The short answer is that there is no official language in Australia, but in reality the situation is a little more complex.
For all official documents which are needed to support a government application such as a visa or citizenship application, these must be in English. If the original documents are not in English, then they must be translated by an accredited professional translator into English and certified that they are accurate translations of the original. If the translation takes place within Australia, then the translator must be accredited with the official accreditation authority, NAATI.
The sorts of documents that are regularly translated into English are:
- Birth certificates
- Marriage certificates
- Divorce certificates
- Employment records
- Educational and technical qualifications
- Police certificates
While there is no official language in Australia, the main language is definitely English. The written English used is closely related to the English of Britain, although there are a few differences in spelling.
English is regularly spoken by over 80% of Australian residents and citizens at home as a first language, even if a significant percentage of these people are bilingual or multilingual.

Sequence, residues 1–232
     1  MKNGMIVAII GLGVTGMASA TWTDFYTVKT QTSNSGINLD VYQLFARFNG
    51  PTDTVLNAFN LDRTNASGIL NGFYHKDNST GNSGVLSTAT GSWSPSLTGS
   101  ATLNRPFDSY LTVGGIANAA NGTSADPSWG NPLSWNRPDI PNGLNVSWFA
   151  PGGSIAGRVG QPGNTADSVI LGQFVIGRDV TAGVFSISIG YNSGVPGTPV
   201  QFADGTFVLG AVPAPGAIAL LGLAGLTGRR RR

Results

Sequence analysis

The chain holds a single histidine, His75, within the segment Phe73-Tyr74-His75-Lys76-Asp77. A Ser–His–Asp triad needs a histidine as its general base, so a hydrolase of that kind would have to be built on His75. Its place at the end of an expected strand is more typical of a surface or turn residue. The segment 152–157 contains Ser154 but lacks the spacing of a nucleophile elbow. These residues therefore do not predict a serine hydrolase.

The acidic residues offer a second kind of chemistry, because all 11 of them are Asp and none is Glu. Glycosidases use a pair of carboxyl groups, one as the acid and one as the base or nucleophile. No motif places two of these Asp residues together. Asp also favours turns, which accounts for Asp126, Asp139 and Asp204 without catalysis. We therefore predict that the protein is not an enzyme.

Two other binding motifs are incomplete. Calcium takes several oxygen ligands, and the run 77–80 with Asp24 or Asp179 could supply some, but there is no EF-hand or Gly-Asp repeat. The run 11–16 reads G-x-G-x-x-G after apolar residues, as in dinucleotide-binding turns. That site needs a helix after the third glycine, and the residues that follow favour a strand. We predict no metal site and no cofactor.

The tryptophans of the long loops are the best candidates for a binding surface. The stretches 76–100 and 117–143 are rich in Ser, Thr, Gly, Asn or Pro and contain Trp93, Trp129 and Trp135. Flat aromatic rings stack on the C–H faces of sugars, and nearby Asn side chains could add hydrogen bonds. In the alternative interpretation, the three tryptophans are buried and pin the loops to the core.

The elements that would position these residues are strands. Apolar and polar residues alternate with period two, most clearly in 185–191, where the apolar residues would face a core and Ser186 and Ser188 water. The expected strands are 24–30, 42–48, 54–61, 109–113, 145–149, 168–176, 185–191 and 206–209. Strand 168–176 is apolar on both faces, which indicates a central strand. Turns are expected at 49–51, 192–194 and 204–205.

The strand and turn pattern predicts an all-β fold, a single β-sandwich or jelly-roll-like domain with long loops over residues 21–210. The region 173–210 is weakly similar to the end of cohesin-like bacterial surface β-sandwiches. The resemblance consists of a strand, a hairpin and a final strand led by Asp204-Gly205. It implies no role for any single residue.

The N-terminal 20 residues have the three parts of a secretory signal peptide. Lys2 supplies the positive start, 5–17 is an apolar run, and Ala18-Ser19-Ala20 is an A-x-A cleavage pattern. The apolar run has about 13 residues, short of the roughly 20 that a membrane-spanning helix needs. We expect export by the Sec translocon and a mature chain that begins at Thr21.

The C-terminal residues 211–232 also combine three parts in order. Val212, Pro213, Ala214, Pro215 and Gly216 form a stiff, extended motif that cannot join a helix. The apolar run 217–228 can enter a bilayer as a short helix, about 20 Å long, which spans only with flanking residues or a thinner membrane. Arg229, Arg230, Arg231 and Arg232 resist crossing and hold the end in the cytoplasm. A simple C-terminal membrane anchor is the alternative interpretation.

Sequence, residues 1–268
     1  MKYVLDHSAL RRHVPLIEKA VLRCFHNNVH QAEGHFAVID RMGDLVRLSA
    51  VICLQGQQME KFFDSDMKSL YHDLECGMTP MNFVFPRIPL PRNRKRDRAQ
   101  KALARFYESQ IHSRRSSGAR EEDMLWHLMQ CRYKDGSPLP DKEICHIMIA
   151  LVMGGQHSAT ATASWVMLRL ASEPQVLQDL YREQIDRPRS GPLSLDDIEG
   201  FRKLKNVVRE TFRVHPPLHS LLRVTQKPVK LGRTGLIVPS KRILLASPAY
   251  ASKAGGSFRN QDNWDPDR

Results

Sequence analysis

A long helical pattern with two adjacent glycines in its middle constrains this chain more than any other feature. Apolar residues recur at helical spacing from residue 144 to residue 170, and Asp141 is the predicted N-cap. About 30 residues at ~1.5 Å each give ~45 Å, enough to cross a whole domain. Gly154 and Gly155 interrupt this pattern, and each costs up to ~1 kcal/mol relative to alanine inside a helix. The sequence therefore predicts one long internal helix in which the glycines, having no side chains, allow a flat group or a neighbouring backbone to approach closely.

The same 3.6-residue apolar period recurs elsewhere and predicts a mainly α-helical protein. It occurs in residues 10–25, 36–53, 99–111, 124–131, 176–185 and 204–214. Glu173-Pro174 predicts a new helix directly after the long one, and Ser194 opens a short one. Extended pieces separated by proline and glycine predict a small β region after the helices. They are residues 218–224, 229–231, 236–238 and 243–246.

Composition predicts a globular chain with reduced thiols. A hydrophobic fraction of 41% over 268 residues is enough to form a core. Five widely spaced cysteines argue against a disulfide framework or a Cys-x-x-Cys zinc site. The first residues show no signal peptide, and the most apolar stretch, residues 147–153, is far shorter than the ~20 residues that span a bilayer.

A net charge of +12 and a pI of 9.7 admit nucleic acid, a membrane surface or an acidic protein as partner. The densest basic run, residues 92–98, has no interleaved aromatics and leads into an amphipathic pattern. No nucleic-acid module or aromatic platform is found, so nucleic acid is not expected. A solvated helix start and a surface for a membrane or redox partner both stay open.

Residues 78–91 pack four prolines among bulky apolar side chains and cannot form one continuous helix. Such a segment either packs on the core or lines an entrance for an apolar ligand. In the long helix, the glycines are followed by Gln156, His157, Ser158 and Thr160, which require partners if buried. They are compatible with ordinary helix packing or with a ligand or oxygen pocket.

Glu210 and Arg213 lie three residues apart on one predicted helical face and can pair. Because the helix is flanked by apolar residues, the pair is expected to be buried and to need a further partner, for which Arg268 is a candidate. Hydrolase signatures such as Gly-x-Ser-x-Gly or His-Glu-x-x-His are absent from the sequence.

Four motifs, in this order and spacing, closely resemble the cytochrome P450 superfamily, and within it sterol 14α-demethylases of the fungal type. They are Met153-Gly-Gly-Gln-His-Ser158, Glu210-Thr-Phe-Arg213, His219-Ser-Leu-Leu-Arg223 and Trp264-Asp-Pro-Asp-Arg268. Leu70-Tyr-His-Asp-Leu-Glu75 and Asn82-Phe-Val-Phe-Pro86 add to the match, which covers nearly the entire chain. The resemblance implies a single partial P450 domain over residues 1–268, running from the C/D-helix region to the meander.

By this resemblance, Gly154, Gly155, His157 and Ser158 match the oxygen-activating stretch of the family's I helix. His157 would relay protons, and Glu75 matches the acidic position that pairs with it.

When European occupation of Australia began there were as many as 400 different indigenous languages, some of which were mutually intelligible, being more dialects than anything else. None of these languages has become adopted as either an official language or a national language of Australia in the same way as the indigenous language of neighbouring New Zealand did (Maori). Many indigenous languages have either died out or are in danger of disappearing. Where one of the 70 odd indigenous languages that have survived is still widely used (mainly in the north of Western Australia, the Northern territory and Queensland), professional translators help to bridge the gap when it comes to providing government services.
There are many other languages used in Australia, which belong to the sizable immigrant populations in that country. The six most important languages based on the numbers of people who speak that language at home are: